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Albrecht von Wallenstein
Wallenstein.jpg
Historical Figure
Nationality: Bohemia
Religion: Catholicism
Date of Birth: 1583
Date of Death: 1634
Cause of Death: Stabbed to death
Occupation: Soldier, General, Mercenary
Spouse: Lucretia of Landek (d. 1614)
Isabella Katharina von Harrach
Children: Maria Elizabeth (b. circa 1624)
Affiliations: Holy Roman Empire
Appearances:
1632 series
POD: May, 1631
Appearance(s): 1632 through "1637: The Polish Maelstrom"
Type of Appearance: Direct
Nationality: Bohemian
Religion: Catholicism
Date of Birth: 24 September 1583
Date of Death: April 1637
Cause of Death: Succumbed to injuries
Occupation: Military contractor, King of Bohemia
Spouse: Isabella Katharina (m. 1623; died 1637)
Children: Maria Elizabeth, Karl Albrecht Eusebius (b. February 1635)
Affiliations: Holy Roman Empire (formerly), Kingdom of Bohemia, Central European Treaty Organization

Albrecht Wenzel Eusebius von Wallenstein (September 24, 1583 – February 25, 1634) was a Bohemian soldier and politician, who gained both fame and notoriety during the Danish phase (1625-1629) of the Thirty Years' War (1618-1648) to the Holy Roman Emperor Ferdinand II. He became the supreme commander of the armies of the HRE and one of the major figures of the Thirty Years' War.

A successful Generalissimo who had made himself ruler of the lands of Friedland in northern Bohemia, Wallenstein eventually found himself released from Imperial service in 1630 after the Emperor grew wary of his ambitions. Several Protestant victories over Catholic armies however induced Ferdinand to recall Wallenstein, who again turned the war in favor of the Imperial cause. Dissatisfied with the Emperor's treatment of him, Wallenstein secretly offered his servoces to the Protestants. However, Ferdinand had the general assassinated at Eger (Cheb) in Egerland by one of the army's officials, Walter Devereaux.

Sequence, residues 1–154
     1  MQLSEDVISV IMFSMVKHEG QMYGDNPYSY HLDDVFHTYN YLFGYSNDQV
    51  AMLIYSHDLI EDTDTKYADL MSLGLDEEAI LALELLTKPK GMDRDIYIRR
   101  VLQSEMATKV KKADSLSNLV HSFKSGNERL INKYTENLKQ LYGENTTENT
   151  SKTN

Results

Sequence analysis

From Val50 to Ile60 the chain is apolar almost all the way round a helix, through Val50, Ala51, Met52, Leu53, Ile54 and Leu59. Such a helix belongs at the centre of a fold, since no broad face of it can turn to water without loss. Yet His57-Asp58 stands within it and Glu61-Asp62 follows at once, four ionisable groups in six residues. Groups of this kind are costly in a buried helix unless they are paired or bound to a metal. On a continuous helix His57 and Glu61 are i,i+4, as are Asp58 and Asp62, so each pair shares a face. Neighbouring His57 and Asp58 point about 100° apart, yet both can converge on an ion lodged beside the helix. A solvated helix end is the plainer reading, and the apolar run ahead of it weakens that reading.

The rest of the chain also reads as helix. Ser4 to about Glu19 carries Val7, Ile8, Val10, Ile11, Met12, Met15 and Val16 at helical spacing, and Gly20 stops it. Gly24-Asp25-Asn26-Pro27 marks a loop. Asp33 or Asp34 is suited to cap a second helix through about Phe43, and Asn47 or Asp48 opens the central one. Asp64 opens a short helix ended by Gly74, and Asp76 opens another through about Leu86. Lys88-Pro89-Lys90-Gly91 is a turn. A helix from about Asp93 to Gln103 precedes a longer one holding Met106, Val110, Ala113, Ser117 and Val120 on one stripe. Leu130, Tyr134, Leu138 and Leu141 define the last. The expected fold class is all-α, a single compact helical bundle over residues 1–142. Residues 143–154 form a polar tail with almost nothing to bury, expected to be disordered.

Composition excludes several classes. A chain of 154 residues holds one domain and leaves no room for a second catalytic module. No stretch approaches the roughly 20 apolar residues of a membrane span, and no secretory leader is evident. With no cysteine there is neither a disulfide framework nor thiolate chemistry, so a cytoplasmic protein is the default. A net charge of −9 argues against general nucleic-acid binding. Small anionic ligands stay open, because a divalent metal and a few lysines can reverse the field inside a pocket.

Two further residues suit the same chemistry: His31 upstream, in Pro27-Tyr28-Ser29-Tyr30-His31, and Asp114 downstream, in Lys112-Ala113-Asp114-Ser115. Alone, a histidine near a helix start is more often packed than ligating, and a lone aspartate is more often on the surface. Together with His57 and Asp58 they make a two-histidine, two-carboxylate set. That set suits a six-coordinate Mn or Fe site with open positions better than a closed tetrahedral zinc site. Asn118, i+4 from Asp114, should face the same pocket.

Albrecht von Wallenstein in 1632[]

Albrecht von Wallenstein was hired into service by the Habsburgs after the defeat of Count Tilly at Breitenfeld. Prior to this, he'd been forced into retirement by the Holy Roman Empire, but his reputation hung over the war. Gustavus Adolphus was reminded of this fact just a week after the fall of Magdeburg. After the death of Tilly following the Battle of Rain, Ferdinand II was loath to reinstate Wallenstein, but saw no other choice. Concurrently, Cardinal Richelieu of France began back-channel communications with Wallenstein.

Nürnberg[]

In July, 1631, Wallenstein was beginning a siege of Nürnberg, which had fallen into Gustavus's hands, when Richelieu requested an attack on Grantville. Richelieu was keen to break the power of the Abrabanel family in the New United States, and specifically requested that Wallenstein's Croat raiders kill all Jews in the town. For their part, Wallenstein and his advisers thought this particular tactic was stupid: the raiders couldn't distinguish one group from another during combat. Nonetheless, he gave the order, and selected Grantville High School as the primary target, believing it to be the NUS's primary source of knowledge. As part of the plan, he ordered Octavio Piccolomini to attack Suhl as a feint. They also plotted a course of attack for Spanish forces.

However, tentative NUS ally Gustavus Adolphus saw Wallenstein's intentions, and, under the guise of Captain Gars, led a portion of his cavalry to stop the raid. Wallenstein's plans were foiled through the efforts of Grantville's citizens and the timely arrival of Gustav.

Alte Veste[]

Wallenstein faced retribution from his opponents in the Battle of Alte Veste. While watching over the siege, Wallenstein received a near-fatal wound when he was shot in the jaw by sniper Julie Mackay; only the tremendous distance saved his life. The combination of his injuries and the revelation (gleaned from American history books) that in the OTL, Emperor Ferdinand II had had him assassinated in 1634 convinced Wallenstein to align with Gustavus and the Americans. He also preferred not to face the Americans or Gustavus in battle again due to their superior firearms. Wallenstein's health saw a marked decline as he could not ingest solids. He reasoned that the American health care could also cure his injuries. This was done in secret, as Wallenstein was a wanted man in Grantville.